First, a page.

The homeland of the estranged and distressed Tibetans segregated all over the world keeps a strength in its heart to keep it up as a country, though lost in history and hopes to relive once in a future. Its citizens whom to be termed global citizens now have fairy tales to ruminate their past glory and they dare to traverse difficult paths to preserve their unique culture and identity, not withstanding where or how they live.
St. Albert’s College, Ernakulam, yesterday was blessed to listen to the nostalgic memories of Tibet from poetess Tsering Wangmo Dhompa, a Tibetan in exile. She is the first Tibetan female poet to publish in English. She recited many poems from one of the old classrooms of St. Albert’s college, standing in front of the picture of the Dalai Lama on the wall. The poems spelled out expectations, dreams, emotions and hopes of an exiled life, forced to pursue.
Snow topped ground,
The only assurance we have eased,
It will melt…
Tibet was a place known to the students of St. Albert’s College from History text book only till then. Yesterday they experienced the beauty, warmth of Tibet from a wounded Tibetan mind. The feelings had been flowing from her so powerful. It was Friends of Tibet organization that arranged this program “Melting Boundaries: Poetry on Tibet” for St. Albert’s College, Ernakulam, in association with the English department of the college.
Tsering is a teacher at the University of California, Santacruz and she is pursuing a PhD in Literature too there. Having grown up in India and Nepal, she brings a rich cultural texture to her writings, evident in her first full-length book, A Home In Tibet (Penguin), that was released recently. Celebrating homecoming, it’s as much a tribute to her mother who raised her after fleeing Tibet in 1959 as the homeland has been her home no more.
Her greatest wish for life is to have a go back to her motherland. ”Of course that will be the beautiful moment in my life. She says and adds, “my childhood was in Dharamshala in India and Kathmandu in Nepal along with many Tibetan communities and from my mother I knew about Tibet and the life of Tibetans. She learned to talk and read Tibetan language, but not know how to write. So she started her poems and short stories in English.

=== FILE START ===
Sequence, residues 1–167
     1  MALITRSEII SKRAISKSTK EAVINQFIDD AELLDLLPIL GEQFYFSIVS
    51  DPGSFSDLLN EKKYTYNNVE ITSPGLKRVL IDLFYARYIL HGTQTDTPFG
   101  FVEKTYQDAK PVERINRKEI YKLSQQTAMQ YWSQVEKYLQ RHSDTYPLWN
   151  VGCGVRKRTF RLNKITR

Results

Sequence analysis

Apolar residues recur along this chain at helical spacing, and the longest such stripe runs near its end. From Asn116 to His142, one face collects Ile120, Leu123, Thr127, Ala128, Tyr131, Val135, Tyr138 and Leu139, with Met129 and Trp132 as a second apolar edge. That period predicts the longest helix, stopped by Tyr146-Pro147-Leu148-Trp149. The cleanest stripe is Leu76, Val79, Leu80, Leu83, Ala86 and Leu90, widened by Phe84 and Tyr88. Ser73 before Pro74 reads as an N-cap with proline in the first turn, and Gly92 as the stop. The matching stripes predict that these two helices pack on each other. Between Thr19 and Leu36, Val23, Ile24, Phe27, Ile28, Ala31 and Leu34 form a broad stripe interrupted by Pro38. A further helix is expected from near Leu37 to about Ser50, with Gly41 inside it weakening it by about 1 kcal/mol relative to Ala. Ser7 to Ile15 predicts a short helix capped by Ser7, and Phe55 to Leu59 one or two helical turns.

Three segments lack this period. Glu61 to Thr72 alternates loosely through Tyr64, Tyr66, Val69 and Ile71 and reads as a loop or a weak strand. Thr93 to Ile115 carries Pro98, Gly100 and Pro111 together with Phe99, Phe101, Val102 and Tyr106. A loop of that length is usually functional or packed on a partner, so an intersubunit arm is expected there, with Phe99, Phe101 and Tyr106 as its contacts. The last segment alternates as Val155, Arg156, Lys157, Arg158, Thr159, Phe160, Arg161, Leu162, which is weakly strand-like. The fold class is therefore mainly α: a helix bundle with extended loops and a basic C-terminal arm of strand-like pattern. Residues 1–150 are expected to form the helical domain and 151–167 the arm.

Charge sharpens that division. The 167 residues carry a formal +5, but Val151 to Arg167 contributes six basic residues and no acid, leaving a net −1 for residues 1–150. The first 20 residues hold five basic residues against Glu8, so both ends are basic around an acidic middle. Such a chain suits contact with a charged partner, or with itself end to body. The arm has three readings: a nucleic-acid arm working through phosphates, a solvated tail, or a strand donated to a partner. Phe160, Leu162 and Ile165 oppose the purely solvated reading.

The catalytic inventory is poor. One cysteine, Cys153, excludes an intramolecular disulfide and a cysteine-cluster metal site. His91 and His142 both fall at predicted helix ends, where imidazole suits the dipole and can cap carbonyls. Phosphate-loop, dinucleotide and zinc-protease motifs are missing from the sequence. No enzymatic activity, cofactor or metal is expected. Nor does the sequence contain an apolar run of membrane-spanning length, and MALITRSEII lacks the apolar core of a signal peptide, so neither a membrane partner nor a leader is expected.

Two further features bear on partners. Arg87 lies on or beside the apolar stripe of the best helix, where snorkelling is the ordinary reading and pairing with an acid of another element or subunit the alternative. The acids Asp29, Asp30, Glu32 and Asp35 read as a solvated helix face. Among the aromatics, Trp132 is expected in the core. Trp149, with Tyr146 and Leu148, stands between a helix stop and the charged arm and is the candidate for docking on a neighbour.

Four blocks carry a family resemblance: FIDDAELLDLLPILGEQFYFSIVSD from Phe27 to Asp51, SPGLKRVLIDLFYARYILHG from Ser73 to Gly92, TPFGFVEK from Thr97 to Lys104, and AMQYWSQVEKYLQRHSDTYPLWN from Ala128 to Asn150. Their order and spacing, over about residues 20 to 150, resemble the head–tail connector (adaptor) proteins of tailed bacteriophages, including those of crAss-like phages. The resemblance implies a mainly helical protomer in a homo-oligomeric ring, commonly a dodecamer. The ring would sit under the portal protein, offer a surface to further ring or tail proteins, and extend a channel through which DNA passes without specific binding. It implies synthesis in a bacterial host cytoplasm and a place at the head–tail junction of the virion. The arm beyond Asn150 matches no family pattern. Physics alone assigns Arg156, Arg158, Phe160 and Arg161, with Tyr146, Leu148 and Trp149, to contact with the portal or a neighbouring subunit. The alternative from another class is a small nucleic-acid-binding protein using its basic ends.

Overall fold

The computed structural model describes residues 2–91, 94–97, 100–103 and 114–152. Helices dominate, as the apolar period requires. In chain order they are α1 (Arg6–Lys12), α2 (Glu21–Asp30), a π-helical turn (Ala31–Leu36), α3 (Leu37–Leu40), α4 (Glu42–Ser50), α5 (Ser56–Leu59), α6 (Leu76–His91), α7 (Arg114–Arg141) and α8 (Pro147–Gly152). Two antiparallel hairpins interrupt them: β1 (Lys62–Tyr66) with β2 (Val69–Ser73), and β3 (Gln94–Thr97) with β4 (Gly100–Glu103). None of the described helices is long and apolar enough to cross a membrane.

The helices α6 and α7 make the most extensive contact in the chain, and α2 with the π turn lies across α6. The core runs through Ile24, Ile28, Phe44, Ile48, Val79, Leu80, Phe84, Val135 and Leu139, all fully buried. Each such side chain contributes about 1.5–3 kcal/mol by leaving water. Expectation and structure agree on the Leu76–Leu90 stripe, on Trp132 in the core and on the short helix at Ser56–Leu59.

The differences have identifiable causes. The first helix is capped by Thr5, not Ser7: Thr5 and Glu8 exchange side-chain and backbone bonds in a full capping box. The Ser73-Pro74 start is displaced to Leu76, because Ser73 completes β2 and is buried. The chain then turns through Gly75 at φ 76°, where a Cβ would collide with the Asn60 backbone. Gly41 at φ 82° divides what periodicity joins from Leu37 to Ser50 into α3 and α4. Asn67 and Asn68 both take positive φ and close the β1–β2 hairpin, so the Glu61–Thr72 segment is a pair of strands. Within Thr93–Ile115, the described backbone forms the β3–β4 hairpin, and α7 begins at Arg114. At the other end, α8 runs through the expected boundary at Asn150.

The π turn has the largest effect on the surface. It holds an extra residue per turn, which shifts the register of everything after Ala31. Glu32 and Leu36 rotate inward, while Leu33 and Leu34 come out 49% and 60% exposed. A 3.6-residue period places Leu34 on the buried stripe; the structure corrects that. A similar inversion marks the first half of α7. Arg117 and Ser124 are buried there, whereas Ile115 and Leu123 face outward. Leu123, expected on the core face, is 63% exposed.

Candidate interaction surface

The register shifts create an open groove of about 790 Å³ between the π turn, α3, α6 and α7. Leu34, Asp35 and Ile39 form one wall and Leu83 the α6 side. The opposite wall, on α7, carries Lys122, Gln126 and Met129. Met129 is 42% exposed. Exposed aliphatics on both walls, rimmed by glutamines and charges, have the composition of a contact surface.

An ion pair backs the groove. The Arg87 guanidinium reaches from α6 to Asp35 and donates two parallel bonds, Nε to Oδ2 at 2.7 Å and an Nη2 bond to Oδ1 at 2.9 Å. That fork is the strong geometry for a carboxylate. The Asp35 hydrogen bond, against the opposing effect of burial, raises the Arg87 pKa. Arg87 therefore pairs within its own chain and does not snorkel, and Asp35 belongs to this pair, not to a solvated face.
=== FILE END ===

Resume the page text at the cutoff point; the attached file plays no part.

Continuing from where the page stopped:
“I have come to India many times. But, this is the first time, I got the opportunity to have a conversation with students. It is indeed a great experience to me. If any chance in the future, I would definitely make a further visit here. India is blessed with great poets and writers. But it is a sad thing that I could not get the opportunity to meet Malayalam poets, yet”.
She is in the literary world, from her 12 years. Her first book ”Rules Of The House” had got reader’s attention. She is fluent in several languages and dialects, including Hindi, and Nepali. Through innovative structures and schemas, her poetry articulates the nostalgia of displaced Tibetans, recording the memories of elders in Tibetan communities.
Tsering presented her poems titled ‘Aas’, ‘Rememberance’, ‘First Listen’, ‘ The Water Song’, ‘Exile an investigation to struggle’, etc. in front of the students in Albert’s. She found out time to talk with students. ” I have no such belief that all my dreams come true, through writing. I consider my literary works as a link. The opinions and suggestions from readers are my gift. Now I am in my new work”. Tsering opens up her mind.
As a part of her research, Tsering will be in India till December. Easwar Anand, an Indian poet and Tibet activist too participated in the function. He is active with Friends of Tibet. He presented poems titled ‘If I Die’, ‘Story Of A Nation’, ‘Wake Up Oh People’, ‘White Tibet’, ‘Flames Of Truth’ etc.
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